Case No. 99 CA 683.
March 24, 2000.
COUNSEL FOR APPELLANT: Cecelia J. Potts, 221 South High Street, P.O. Box 474, Mt. Orab, Ohio 45154.
COUNSEL FOR APPELLEE: Charles H. Wilson, Jr., 108 East Mulberry Street, West Union, Ohio 45693.
DECISION AND JUDGMENT ENTRY
This is an appeal from an Adams County Common Pleas Court judgment entered in favor of Altus Metals, Inc., defendant below and appellee herein. The trial court concluded that appellee is the rightful owner of real property that the Village of Seaman, plaintiff below and appellant herein, previously had conveyed to appellee.
Appellant raises the following assignments of error for review:
FIRST ASSIGNMENT OF ERROR:
"THE TRIAL COURT ERRED WHEN IT FAILED TO ORDER THE DEED CANCELED AS AN EQUITABLE REMEDY."
SECOND ASSIGNMENT OF ERROR:
"THE TRIAL COURT ERRED WHEN IT FAILED TO FIND A CONSTRUCTIVE TRUST AROSE AS A RESULT OF THE CONVEYANCE BY DEED TO ALTUS AND CANCELLATION OF LAND CONTRACT PURSUANT TO ALTUS' REQUEST."
THIRD ASSIGNMENT OF ERROR:
"THE TRIAL COURT ERRED WHEN IT FAILED TO REFORM THE DEED AS AN EQUITABLE REMEDY."
Our review of the record reveals the following relevant facts. The Village of Seaman is located in an economically depressed region. In an effort to bring industry to the area, the Village agreed to sell appellee two parcels of real estate. Appellee had advised the Village that it would use the property for manufacturing purposes and that it would help generate employment for local residents.
On February 8, 1990, the parties signed a land contract. The contract provided that appellee "shall establish a business for the principal purpose of manufacture of metal products" and "shall construct a suitable facility for it's [sic] manufacturing purposes." The contract further specified that appellee would employ local residents.
The contract also contained a clause that stated:
"The parties specifically agree that the construction of a suitable and permanent manufacturing facility, as well as employment of area residents, is the essence of purpose of this contract. If the vendee fails in any term of consideration this agreement shall automatically terminate and become null and void.
* * * *
Upon fulfillment of the obligations of the vendee, the vendor shall convey the subject premises to the vendee by Warranty Deed."
The parties subsequently executed an addendum to the land contract. The addendum specified that in the event of default of Altus Metals of any provision of said land contract, acreage deeded to Altus Metals by said Village shall revert to the Village of Seaman at the selling price of $1.00 per acre.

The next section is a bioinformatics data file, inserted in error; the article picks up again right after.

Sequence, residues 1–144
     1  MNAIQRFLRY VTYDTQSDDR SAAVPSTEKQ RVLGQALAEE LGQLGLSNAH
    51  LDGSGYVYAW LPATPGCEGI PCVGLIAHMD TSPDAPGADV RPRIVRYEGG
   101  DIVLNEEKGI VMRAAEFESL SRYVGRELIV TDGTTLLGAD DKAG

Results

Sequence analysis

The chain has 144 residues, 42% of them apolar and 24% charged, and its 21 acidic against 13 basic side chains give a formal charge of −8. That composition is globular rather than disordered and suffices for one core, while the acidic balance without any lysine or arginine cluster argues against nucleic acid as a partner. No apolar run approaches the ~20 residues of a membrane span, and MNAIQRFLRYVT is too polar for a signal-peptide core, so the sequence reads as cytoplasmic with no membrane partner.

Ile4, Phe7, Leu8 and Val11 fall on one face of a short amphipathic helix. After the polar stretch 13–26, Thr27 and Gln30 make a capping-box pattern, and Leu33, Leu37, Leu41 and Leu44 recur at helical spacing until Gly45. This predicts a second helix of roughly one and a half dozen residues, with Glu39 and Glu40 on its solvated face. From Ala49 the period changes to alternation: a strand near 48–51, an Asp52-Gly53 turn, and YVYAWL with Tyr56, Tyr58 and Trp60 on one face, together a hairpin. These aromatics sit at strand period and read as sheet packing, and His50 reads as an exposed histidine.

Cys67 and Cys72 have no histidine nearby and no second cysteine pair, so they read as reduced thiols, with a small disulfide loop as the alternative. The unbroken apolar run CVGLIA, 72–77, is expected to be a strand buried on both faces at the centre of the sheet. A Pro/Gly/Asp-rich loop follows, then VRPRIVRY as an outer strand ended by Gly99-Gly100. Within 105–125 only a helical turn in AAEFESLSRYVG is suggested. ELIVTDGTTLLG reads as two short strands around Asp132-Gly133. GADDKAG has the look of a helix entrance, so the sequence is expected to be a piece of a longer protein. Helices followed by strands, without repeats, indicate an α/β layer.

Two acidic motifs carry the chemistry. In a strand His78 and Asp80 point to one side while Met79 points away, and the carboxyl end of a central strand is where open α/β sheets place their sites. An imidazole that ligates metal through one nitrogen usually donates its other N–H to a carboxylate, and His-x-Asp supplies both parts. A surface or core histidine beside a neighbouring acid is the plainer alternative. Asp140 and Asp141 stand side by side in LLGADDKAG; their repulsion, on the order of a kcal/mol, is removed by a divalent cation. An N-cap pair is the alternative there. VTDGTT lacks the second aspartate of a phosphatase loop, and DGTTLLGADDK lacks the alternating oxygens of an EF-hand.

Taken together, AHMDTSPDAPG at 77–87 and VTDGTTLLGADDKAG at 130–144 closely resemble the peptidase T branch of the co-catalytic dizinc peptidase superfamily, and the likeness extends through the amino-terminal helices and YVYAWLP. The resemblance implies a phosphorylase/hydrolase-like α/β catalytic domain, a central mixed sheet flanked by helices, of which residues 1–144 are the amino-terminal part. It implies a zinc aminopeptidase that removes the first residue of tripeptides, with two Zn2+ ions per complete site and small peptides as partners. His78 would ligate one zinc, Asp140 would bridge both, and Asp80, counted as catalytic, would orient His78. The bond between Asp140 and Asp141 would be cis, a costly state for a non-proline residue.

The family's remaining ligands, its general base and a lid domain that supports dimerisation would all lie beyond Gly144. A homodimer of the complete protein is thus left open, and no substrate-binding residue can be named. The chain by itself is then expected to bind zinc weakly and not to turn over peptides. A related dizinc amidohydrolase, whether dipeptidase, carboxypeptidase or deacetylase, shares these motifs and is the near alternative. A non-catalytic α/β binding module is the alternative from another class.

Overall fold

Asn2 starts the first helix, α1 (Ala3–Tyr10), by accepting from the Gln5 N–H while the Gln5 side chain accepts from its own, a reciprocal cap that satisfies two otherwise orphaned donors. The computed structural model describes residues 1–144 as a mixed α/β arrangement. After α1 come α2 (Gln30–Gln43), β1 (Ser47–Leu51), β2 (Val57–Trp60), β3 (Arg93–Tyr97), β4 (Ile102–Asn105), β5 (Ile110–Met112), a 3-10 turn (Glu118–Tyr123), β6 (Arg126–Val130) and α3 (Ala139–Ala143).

On April 19, 1991, appellant conveyed by deed the real property to appellee. The deed contained no restrictions relating to the use or enjoyment of the real property. In October of 1991, the parties canceled the land contract.
Subsequently, appellee's attempt to establish a manufacturing business and to employ local residents failed. Appellant thus sought to enforce its right under the land contract to declare the transaction null and void. Appellee refused to recognize appellant's right to a return of the property.
On October 23, 1997, appellant filed a complaint for cancellation of the deed. Appellant alleged that there had been a failure of consideration because appellee failed to comply with the land contract. Appellant subsequently filed an amended complaint alleging a cause of action for imposition of a constructive trust and a cause of action alleging reformation of the deed due to a mutual mistake.
On September 10, 1999, following a bench trial, the trial court entered judgment in appellee's favor. The court found that the land contract had merged into the deed and that appellant delivered the deed to appellee free of restrictions. The court further found that: (1) appellee had not engaged in any type of fraudulent conduct during the transactions; (2) there had not been a failure of consideration; (3) appellee had not been unjustly enriched; and (4) appellant failed to establish a mutual mistake. The court thus denied appellant's request to: (1) cancel the deed; (2) impose a constructive trust; or (3) reform the deed. Appellant filed a timely notice of appeal.
In its first assignment of error, appellant contends that the trial court erred by failing to conclude that appellant was entitled to a cancellation of the deed. Appellant asserts that it is entitled to a cancellation of the deed for two primary reasons. First, appellant argues that appellee misrepresented the facts underlying the cancellation of the land contract. Appellant alleges that it agreed to cancel the land contract and to convey the land to appellee by deed upon appellee's assurances that appellee would continue to fulfill the conditions set forth in the land contract. Appellant appears to argue that because appellee allegedly agreed that the provisions of the land contract would survive the conveyance of the deed and because appellee subsequently failed to fulfill its alleged oral promise to continue to comply with the terms of the land contract, appellee's actions constitute misrepresentation.